The International Institute Of Bassists
Bass Courses Video Lessons Bass Lessons Subscribe Interviews News Links Advertise About Contact Archive Home


Enter Your E-Mail:

What's New At The IIB!
The IIB Online Bass Courses The Next Sessions Of The IIB's Online Bass Courses Begin Feb. 2
Enroll Today!

January 26, 2015

Contemporary Techniques For Bass Guitar is the definitive guide to technique for bass guitar. Regardless of your current playing level, prior experience, or the genres of music you prefer to play, this comprehensive course will solidify the foundation required to become a proficient bassist and save you countless hours of frustration by learning how to do it right the first time. ... JANUARY SPECIAL - Enroll Today!

Music Theory For Bass is a beginner to intermediate level course that examines the essential elements of music. For beginners, this course will provide an introduction to the theory and practice of harmony as it pertains to bassists in contemporary music. More seasoned bassists will gain insight from this course as concepts already obtained from past musical experiences will be reinforced to expand the depth of their musical awareness. By the end of this 12-week course, you will have acquired the tools necessary to read, write, and improvise bass lines and solos over any chord change, chord progression, or song form in any style of music. ... Enroll Today!

Sight Reading For Bass Guitar & Acoustic Bass is a beginner to intermediate level course that explores all aspects of reading and writing music notation for bassists. Whether your principle goal is to become a professional session bassist, a member of a college jazz ensemble, bass chair of a symphony orchestra, perform in a school musical, play in church, jam with some friends in your garage, or to simply increase the productivity of your practice sessions, improving your sight reading ability will only expand your opportunities as a working bassist. ... Enroll Today!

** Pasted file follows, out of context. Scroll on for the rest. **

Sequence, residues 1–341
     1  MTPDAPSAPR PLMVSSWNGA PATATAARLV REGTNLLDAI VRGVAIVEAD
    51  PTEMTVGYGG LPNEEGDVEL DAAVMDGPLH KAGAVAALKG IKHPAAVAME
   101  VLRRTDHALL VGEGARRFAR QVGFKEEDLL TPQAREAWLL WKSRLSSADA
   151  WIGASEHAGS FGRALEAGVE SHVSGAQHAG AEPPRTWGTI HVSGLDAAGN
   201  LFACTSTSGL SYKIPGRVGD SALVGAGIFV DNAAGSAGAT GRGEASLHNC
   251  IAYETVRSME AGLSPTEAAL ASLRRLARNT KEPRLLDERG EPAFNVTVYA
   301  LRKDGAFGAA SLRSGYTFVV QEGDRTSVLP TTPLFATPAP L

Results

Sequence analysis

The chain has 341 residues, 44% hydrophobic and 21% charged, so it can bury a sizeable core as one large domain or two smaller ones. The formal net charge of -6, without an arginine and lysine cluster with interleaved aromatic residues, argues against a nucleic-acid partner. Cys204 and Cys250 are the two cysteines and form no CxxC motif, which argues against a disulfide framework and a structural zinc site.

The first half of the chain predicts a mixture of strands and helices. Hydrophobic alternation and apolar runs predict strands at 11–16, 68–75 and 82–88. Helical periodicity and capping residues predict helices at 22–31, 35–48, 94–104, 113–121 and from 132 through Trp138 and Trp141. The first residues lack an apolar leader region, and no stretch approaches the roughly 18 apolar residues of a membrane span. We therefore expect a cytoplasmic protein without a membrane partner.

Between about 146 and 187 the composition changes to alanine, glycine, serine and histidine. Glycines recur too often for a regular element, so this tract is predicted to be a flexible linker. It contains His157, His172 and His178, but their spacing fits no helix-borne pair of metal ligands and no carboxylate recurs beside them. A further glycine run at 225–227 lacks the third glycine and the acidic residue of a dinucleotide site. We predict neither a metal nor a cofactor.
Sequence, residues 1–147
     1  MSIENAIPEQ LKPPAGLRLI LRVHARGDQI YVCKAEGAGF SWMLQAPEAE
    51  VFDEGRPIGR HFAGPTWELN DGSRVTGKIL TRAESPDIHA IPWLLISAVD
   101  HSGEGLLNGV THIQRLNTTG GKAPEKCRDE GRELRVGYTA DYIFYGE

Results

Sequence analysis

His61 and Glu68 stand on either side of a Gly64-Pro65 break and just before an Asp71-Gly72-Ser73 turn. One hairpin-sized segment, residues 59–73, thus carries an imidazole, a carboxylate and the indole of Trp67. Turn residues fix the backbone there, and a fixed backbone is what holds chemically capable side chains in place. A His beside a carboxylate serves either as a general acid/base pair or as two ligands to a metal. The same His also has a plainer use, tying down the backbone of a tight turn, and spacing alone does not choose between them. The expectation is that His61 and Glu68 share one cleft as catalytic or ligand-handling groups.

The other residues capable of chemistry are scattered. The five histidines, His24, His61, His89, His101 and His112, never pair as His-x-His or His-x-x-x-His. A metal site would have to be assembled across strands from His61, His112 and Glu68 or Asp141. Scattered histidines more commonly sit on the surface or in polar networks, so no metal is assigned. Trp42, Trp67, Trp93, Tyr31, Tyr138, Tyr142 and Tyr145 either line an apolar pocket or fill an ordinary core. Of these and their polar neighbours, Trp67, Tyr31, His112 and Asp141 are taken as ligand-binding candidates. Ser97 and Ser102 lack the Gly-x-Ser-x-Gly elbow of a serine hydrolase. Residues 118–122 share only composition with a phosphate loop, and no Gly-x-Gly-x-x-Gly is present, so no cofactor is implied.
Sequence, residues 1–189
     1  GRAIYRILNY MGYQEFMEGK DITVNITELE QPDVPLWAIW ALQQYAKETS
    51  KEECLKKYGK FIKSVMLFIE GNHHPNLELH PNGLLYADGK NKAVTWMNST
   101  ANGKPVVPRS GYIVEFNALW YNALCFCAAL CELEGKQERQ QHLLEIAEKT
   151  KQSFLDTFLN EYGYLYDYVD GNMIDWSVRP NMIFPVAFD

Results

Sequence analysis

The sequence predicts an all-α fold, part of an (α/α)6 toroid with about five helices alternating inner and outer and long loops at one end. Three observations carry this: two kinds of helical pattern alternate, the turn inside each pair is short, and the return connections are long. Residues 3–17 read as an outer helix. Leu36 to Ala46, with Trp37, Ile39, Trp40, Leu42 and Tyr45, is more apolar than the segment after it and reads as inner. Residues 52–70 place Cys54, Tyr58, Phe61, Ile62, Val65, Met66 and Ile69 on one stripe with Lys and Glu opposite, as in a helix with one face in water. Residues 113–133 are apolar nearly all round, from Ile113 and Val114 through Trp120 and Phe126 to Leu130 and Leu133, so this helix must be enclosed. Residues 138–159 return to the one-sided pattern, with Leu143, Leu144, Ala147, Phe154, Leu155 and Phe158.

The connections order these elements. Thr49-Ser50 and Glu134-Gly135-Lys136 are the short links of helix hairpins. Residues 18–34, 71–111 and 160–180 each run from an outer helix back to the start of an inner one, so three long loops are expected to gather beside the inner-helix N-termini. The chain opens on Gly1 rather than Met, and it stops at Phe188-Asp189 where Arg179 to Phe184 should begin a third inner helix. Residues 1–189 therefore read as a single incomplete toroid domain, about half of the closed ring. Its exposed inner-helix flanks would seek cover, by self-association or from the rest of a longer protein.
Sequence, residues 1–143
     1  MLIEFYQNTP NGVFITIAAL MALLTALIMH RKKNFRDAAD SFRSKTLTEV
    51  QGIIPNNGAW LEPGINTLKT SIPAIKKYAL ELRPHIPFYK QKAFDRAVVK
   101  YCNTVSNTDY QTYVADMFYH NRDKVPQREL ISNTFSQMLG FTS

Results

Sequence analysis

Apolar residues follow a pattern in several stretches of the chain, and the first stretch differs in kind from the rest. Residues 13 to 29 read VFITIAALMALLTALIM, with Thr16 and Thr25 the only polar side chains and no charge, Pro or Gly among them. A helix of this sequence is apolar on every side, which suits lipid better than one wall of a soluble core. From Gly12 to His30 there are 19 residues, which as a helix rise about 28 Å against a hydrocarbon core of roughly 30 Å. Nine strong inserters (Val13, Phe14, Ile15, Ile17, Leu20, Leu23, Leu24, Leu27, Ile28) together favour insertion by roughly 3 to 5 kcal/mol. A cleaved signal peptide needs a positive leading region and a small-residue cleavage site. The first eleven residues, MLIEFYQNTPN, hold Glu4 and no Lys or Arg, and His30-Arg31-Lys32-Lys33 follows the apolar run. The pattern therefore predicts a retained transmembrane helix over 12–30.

Jazz Bass Lines is a beginner to intermediate level course that examines all of the fundamental components of walking bass line construction. During this comprehensive 12-week course, you will study the techniques and bass lines of the most prominent jazz bassists. From the basics of traditional walking bass line construction to more advanced contemporary principles, Jazz Bass Lines is designed to establish the crucial foundation and indispensable vocabulary that is necessary for bassists interested in the art of improvising bass lines. ... Enroll Today!

Soloing Techniques For Bass Guitar & Acoustic Bass is an intermediate to advanced level course that explores all of the fundamental elements required to improvise effective solos. Featuring classic bebop to modern era techniques, you will be presented with a wide array of improvisation concepts and learn how to create your own horn-like solos in the jazz idiom. Soloing Techniques is recommended for both aspiring and professional bassists alike who are seeking an indispensable resource for the contemporary study and analysis of soloing concepts on bass guitar and acoustic upright bass. ... Enroll Today!

Cliff Engel Featured Bass Lesson Of The Week
The Modes Of The Major Scale

January 26, 2015 - *Subscriber's Area*

A thorough understanding of scales and their related modes is essential in the development of technique on your instrument and your success as an improviser. Through your knowledge of scales, you will possess the ability to instantly evaluate lead sheets or chord charts and recognize the appropriate scales and notes which are available to utilize on particular chord types.

Even if it may seem like there are hundreds of scales and chords used in music, you can analyze and play over practically every chord type using only four scales and their related modes including the major scale, the melodic minor scale, the diminished scale, and the whole tone scale.

To begin, we will analyze the most common scale found in Western music, the major scale. The major scale is composed of seven different pitches and features seven consecutive letter names which extend in an ascending or descending fashion from a given note. Starting from the note C, the major scale would be played as follows: C-D-E-F-G-A-B-C. These pitches are all of the natural notes of the musical alphabet, and they are also all of the white keys found on a piano.